“I would have songs about girls like 'This Side of Paradise,' but it’s very vague,” Kiyoko explained. “You really gotta read into it. [I was] saying ‘you’ and not really using the pronouns that I wanted to.”
When the video hit 500,000 views, she said, she was sitting in the back of a minivan while on tour, getting ready to play in front of 50 people. It was 2015, and she had released the single as part of her second EP, This Side of Paradise.
Her rise has been slow and steady, she made sure to emphasize. Considering she essentially started on this path as a kid, that much is true. Born and raised in Los Angeles, she got her start as an actress, though she’s always sang and danced. She’s appeared in a variety of shows and films, was part of different musical projects, even opening for Justin Bieber at one point as part of a group, which ended up disbanding in 2011. But then came the EPs and the music videos—virtual hits showing love stories between girls and women in a way that hadn’t been done before—that Kiyoko directed herself. That's when she found her voice.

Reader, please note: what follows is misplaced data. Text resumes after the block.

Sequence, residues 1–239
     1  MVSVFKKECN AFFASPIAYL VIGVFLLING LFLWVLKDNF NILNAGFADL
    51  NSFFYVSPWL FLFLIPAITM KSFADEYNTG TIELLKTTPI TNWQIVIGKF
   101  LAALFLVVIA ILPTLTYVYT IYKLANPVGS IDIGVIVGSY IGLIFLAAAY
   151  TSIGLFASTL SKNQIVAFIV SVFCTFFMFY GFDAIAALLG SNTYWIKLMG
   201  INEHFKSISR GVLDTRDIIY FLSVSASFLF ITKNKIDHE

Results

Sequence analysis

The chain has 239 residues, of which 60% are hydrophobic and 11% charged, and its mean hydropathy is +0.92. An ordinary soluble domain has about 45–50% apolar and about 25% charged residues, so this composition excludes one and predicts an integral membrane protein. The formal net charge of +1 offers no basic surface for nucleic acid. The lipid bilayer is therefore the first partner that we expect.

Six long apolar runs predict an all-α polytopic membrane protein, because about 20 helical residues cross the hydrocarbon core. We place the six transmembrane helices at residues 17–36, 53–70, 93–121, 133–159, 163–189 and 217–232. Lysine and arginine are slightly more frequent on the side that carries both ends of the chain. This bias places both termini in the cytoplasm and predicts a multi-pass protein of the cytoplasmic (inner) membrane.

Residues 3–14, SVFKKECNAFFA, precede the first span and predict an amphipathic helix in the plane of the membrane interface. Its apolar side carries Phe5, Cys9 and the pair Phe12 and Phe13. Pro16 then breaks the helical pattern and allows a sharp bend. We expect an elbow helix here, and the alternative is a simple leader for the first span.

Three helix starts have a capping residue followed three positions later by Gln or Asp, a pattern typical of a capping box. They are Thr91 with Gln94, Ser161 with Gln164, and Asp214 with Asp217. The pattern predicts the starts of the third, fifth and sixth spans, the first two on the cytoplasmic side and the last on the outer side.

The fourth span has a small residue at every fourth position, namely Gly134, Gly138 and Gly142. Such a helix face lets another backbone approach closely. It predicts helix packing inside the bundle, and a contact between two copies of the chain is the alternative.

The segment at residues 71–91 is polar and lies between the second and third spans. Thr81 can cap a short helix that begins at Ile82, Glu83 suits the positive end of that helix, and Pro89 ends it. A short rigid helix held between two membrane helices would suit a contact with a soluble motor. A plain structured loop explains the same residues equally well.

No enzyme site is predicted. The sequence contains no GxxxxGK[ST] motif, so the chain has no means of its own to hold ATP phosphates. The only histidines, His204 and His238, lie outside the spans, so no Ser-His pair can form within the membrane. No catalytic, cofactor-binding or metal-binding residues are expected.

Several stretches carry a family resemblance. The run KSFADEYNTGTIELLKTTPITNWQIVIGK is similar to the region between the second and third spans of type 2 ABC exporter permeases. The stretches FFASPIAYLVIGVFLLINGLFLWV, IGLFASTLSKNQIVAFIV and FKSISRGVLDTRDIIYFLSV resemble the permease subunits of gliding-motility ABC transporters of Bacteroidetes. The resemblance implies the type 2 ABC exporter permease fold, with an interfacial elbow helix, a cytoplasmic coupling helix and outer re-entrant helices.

“I’ve always been telling people what to do since I was a kid,” she said of deciding to direct. “I had them come over every Tuesdays, and we had Spice Girls night and NSYNC, and I’d choreograph the whole thing ... I was always by default the Sporty Spice, but you know, I liked Baby. I’m pretty sure I had a crush on Baby Spice.”